As my colleague David Eldersveld pointed out in a recent blog post, doing data in the cloud can seem daunting. There’s a growing list of cloud providers to compare from, and each has their own set of tools, services, and even lingo. There are also all-new concepts to learn, like infrastructure-as-a-service and platform-as-a-service. So much to learn and evaluate, and so little time to do so (because if you aren’t in the cloud, your competitor is… right?) I’d like to share some advice that I give every client who is thinking about taking on a cloud data and analytics initiative (and even some who aren’t thinking about it yet, but should be), so that they can navigate the hype and challenges of the cloud and have a greater chance of success and adoption.
Think Big, Start Small
We see clients have the most success and best adoption with a cloud data endeavor when they think big, but start small. I usually refer to it as “tip-toeing” into the cloud. This generally means to approach the cloud data landscape with big ideas about how and where it can benefit your organization, but to also carve out one or two smaller, manageable, very specific use cases to get started. It’s very difficult to succeed if you are trying to boil the whole ocean or lift-and-shift your entire infrastructure and processes into the cloud all at once. Below are just a few of the advantages for thinking big, but starting small with your cloud data initiative.
One of the general promises of the cloud is that less infrastructure procurement, server configuration, and software configuration should yield faster time-to-market. When operating in a platform-as-a-service model, you can often be up and running with a Hadoop cluster or a SQL database in just minutes. Pair that with a manageable (but meaningful!) use case where you are only standing up the services necessary for the use case, and you can likely be up and running with a viable solution in just a couple of weeks (not months).
Starting with a smaller use case also helps to mitigate risk. In most cases, you only pay for the cloud resources that you use, which means no hardware or software license commitments up front. If you spend a few weeks building something in the cloud and you decide you don’t like it, you can just tear it down. In this case, you only incur costs for services during the few weeks you were developing. This is drastically different from buying and provisioning physical hardware and a big expensive license only to find a few weeks into it that the platform was not right your organization.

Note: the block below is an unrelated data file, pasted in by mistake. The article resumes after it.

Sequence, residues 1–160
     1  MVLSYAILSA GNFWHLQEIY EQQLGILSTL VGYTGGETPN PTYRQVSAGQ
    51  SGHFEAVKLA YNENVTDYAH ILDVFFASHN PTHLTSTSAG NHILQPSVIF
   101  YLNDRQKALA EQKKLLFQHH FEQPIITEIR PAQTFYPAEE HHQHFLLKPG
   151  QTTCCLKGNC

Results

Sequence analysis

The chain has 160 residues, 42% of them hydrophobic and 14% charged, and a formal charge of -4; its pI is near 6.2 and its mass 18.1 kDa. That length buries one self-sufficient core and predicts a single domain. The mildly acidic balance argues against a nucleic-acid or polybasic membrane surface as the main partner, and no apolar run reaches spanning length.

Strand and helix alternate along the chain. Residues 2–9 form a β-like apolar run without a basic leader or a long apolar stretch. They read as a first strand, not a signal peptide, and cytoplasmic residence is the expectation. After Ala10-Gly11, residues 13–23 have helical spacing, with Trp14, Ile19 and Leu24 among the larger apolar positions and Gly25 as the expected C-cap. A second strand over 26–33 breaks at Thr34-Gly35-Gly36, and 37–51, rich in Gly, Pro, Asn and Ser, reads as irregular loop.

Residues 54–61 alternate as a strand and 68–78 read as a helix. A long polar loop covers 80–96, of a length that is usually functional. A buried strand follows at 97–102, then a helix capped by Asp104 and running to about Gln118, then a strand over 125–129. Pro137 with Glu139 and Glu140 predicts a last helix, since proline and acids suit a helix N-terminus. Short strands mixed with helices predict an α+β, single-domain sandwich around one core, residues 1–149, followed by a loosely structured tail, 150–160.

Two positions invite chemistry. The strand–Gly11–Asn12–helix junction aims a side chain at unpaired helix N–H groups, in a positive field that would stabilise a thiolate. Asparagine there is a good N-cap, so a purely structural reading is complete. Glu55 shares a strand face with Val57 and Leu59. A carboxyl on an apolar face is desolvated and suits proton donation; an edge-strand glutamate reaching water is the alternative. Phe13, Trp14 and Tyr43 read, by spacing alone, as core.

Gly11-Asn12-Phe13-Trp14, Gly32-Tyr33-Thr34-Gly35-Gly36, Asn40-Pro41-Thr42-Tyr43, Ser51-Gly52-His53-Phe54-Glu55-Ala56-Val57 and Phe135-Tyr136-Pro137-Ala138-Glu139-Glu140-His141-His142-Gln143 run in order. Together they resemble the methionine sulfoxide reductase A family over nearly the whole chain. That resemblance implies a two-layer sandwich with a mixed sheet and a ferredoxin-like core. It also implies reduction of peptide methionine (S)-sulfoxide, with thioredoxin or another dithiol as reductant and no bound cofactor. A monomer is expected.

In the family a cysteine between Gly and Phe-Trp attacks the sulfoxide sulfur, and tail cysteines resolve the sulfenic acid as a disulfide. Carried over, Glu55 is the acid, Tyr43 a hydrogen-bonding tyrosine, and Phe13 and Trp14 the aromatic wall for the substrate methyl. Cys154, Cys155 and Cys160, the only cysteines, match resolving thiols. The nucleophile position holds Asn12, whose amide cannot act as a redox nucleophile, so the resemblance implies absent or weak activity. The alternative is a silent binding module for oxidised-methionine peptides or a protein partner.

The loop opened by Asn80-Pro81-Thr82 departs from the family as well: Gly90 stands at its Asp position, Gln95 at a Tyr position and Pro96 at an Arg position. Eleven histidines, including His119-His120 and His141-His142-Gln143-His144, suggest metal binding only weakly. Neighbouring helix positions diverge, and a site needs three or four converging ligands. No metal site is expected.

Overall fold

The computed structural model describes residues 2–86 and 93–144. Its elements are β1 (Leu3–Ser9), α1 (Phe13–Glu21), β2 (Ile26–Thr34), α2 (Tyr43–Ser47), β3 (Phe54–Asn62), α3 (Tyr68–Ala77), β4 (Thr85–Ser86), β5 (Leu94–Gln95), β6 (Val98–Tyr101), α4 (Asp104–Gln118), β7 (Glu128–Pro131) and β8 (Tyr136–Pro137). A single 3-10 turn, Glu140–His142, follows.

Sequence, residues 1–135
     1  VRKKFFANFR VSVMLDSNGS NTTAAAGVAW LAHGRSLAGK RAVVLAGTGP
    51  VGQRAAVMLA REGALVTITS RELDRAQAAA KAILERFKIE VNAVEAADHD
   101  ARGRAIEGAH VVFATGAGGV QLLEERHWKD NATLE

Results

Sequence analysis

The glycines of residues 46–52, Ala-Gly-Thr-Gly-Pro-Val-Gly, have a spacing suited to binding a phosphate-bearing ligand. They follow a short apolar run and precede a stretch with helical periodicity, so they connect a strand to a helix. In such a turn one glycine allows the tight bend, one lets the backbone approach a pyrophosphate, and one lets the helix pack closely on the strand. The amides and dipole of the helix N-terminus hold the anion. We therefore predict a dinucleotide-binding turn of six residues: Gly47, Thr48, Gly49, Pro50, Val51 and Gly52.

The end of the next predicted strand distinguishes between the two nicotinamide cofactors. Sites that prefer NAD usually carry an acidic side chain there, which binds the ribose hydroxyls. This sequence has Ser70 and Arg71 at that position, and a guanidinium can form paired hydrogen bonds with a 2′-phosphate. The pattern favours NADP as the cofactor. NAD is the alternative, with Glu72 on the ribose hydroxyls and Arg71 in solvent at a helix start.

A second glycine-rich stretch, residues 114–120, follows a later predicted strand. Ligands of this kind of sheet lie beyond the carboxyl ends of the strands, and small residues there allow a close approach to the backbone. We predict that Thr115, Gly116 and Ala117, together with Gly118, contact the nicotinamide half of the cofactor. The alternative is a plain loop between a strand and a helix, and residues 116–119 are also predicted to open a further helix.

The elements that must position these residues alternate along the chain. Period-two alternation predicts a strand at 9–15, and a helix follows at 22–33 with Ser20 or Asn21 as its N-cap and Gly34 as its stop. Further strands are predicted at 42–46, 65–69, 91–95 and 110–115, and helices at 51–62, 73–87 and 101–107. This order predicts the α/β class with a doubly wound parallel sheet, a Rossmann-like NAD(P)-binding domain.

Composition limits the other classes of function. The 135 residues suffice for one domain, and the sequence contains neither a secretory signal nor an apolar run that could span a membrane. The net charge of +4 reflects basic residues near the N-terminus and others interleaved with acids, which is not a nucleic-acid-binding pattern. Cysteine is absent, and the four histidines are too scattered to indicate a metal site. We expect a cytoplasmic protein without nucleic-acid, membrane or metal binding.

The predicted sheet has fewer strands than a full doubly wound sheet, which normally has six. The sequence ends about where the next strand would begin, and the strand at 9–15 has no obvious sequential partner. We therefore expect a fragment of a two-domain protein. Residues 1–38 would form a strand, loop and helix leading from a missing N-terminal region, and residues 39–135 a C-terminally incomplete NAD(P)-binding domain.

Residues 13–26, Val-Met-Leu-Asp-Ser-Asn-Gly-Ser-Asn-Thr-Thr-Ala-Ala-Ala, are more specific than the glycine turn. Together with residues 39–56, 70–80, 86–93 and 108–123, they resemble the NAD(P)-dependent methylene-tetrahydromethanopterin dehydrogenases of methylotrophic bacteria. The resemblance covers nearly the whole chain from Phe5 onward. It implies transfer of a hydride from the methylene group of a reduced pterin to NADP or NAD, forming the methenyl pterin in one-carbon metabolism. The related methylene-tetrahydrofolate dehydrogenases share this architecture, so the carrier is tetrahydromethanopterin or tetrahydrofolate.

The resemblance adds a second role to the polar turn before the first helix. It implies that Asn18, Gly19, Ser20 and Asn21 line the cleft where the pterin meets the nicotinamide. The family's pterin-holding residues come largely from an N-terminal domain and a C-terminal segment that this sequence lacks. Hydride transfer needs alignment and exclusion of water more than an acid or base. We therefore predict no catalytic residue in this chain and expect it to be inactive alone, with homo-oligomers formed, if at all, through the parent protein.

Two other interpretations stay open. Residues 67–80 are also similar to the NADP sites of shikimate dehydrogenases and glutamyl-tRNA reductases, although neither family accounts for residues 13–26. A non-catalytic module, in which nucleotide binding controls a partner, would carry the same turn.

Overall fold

Model for Greater Adoption
Driving interest and adoption for a project or initiative that seems to be taking months and months to implement can be difficult. People begin to lose excitement and even question the value of the initiative. However, a project that shows results and value in just a few short weeks gets people excited and wanting to do more. This is also true for cloud data and analytics initiatives. Building out a smaller, more manageable use case that creates value in just a few weeks can be huge for your bigger cloud strategy. The results of this foundation project can be demonstrated to other stakeholders and business areas which will lead to greater buy-in, adoption, and funding for future initiatives.
Building for Long-term Value
Finally, starting small doesn’t mean you are abandoning your big-picture ideas and long-term vision. In fact, it’s quite the opposite. When architected appropriately, the smaller project is simply laying the pipes (both architecturally and organizationally) for more data flows and use cases. Nothing you build should be throw-away. Think about both the cloud services you stand up and the use cases you build out as building blocks that will continue to interact with each other, working towards a bigger, long-term cloud data strategy and architecture.
Let us help
If you are interested in starting a cloud data initiative, but you aren’t sure where or how to get things going, let BlueGranite help. We can work with you to develop that long-term, big-picture cloud data strategy, and help you to focus in on 2 to 3 good use cases to get started. Once we define a few candidate use cases, we can help you “quickstart” your cloud initiative with a 2 to 5-week engagement where we will implement one or more use cases and help mentor your team in the best practices necessary to continue to develop effectively in the cloud.
Doing data in the cloud doesn’t have to be scary. Remember to think big, but start small, and you will be more likely to be successful in your cloud data and analytics venture.